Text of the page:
We must be far in the future, because then Dr. Campbell shows the class a Barbie, as if a Stone Age relic.

Jones is excellent at inserting these witty side-plays into the performance, emphasizing the distance between today and the setting of the play: Dr. Campbell initially assumed Barbie was “an educational tool for anorexia prevention… but actually she was considered a wholesome symbol of femininity.”

Campbell, again in a tone conveying this is no longer the case, explains the concept of dieting, and how girls in 2017 were encouraged to be “sexy” but not “sluts.” And what were male sluts called, she asks the class, rhetorically. “Men.” Our audience gave that line the biggest laugh of the show.

Speaking of which, Jones is just as convincing as male figures like frat boy, AV, as the women. “Of course I believe in women’s rights, I’m marrying a woman,” he insists. Prostitution doesn’t hold an interest to him, he says, seeing it as an admission you can’t get a regular girlfriend.

Meanwhile, Cookie Chris, a “reformed and remorseful pimp, turned motivational speaker, life coach, and therapist,” revealed he had left pimping behind after listening to Oprah Winfrey talk about co-dependence.

After Chris comes Gary Weaselhead, a stand-up comedian—or, as Dr. Campbell describes his art (implying it will die out): “People in that society were coping with a lot of stress, laughter did not necessarily come easily, so these people were paid to induce it.”

By 2025, Dr. Campbell says that prostitution has been legalized “in California, Florida, and New Jersey—oh and note, class, most of New Jersey was still habitable at that time.”

A Russian entrepreneur taking advantage of the relaxing of laws goes on to become head of the World Bank, Dr. Campbell says.

The voices are not only comic, or making a humorous point: Jones also plays Nereida, who campaigns against sex-trafficking and the easy banalities of sex work advocates. “You’re having… some sales experience, and that’s fine if it’s what you wanna do, but don’t keep calling it sex, and running around doing all these philosophical gymnastics about how freeing it is to sell your body, and that you have ‘agency’ and you’re empowered.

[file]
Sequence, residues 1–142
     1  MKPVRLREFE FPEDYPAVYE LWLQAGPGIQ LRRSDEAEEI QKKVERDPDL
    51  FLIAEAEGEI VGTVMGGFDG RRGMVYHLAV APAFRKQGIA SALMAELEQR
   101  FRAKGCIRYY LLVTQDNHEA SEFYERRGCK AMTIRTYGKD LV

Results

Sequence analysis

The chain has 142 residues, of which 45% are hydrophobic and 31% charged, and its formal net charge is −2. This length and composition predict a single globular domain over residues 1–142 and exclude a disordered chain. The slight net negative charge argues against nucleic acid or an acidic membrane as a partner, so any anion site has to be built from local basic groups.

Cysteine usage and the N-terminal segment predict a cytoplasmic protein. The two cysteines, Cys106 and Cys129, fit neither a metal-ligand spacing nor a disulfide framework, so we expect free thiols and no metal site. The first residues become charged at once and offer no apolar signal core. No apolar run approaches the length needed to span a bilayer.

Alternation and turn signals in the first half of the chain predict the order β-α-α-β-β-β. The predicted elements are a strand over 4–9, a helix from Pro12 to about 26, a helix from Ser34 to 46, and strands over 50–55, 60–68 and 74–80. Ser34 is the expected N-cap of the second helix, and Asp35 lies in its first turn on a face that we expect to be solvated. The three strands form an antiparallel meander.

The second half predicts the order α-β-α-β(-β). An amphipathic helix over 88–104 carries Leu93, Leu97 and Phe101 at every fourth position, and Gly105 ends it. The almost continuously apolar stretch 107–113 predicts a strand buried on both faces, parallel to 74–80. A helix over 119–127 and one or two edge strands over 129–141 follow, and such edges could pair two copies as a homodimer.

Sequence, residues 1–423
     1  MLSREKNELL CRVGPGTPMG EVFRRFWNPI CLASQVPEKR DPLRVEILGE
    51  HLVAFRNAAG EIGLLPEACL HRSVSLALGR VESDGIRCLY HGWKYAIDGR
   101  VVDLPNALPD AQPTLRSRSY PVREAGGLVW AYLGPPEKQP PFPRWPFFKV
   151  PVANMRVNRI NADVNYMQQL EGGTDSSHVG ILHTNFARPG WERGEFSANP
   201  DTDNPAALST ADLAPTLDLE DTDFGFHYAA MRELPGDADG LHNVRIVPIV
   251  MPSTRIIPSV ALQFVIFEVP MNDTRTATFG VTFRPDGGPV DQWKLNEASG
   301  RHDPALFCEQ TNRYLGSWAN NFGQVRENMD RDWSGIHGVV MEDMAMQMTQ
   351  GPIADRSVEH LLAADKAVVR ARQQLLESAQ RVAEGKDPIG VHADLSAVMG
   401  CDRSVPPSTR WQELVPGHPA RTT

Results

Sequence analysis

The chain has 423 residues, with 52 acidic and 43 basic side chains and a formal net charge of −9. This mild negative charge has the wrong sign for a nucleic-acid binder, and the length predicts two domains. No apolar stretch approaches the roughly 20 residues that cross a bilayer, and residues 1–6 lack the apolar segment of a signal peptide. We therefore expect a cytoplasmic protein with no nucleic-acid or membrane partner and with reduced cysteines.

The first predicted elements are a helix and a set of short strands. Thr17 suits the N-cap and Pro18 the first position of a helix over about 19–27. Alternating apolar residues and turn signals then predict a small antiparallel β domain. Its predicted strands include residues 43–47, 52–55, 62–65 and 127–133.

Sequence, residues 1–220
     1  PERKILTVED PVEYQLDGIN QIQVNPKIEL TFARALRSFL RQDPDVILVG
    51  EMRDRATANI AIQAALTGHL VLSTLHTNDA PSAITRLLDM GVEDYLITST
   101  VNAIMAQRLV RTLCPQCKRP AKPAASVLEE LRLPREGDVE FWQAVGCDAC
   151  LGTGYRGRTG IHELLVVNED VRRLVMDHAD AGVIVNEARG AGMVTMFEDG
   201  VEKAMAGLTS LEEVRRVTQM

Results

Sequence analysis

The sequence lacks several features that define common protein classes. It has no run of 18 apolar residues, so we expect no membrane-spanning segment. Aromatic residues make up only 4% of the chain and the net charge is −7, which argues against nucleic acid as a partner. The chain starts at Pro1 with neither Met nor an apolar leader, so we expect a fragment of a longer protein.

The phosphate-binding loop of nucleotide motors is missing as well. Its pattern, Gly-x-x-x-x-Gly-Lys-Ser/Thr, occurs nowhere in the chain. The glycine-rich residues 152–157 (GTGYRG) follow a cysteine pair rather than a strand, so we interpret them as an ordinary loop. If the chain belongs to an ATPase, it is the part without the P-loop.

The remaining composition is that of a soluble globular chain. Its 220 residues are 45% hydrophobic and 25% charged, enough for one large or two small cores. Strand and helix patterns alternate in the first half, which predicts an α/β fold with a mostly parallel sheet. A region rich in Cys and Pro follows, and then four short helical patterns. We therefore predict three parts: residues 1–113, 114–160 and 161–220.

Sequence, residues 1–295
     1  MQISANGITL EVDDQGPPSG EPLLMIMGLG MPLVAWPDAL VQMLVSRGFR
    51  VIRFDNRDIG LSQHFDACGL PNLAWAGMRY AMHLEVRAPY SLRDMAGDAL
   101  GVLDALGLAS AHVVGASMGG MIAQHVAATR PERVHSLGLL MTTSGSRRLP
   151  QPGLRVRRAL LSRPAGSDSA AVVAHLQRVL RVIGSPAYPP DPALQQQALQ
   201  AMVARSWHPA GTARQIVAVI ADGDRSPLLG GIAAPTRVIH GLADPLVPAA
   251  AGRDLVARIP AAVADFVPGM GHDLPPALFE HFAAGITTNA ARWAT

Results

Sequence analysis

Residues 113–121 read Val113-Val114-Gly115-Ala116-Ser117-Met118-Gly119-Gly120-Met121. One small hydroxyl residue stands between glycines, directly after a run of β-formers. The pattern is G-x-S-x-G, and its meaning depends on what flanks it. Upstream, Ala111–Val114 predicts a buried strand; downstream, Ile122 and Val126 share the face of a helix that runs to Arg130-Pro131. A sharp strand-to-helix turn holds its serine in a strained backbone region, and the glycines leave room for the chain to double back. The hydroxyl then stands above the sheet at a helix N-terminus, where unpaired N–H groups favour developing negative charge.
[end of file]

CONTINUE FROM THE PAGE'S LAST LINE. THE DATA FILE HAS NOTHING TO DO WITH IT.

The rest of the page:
“Look, if you wanna argue that you have agency, fine, but that is not the same as power. ‘You have agency.’ Nobody even knows what the hell that term means unless they went to friggin’ Sarah Lawrence like you did.”

The mainstreaming of commercialized sex leads, in the mid-2030s, to the decriminalization of sex work in New York, and Dr. Campbell tells us, to sex resorts.

This wholesale licentiousness also led to the “Male Health Crisis” in the following decade, in which “thousands of men across all backgrounds experiencing cardiac arrest, stroke, crippling anxiety, no apparent biological explanations for symptoms.”

The final voice belongs to Bonita, an impressive young woman who is brave, bolshy, and determined to do good in the world. Her voice is a resonant bell of positivity, although Jones is scrupulously careful not to proselytize throughout the show—she genuinely lets the characters speak for themselves.

Still, that Jones ends Sell/Buy/Date, with such an uplifting and genuine voice signals, one presumes, that she too thinks or hopes that humanity and the best of human spirit will ultimately triumph over the degradations of our addictions to technology and acquisition of pleasure, sexual and otherwise.

In that sense, Sell/Buy/Date has a point to make about now, and the-time-still-to-come. But the voices would be just as powerful if they had come to us straight from the present day. The future is a shiny and dramatic prop in Jones’s thought-provoking play, but it is also strangely defunct.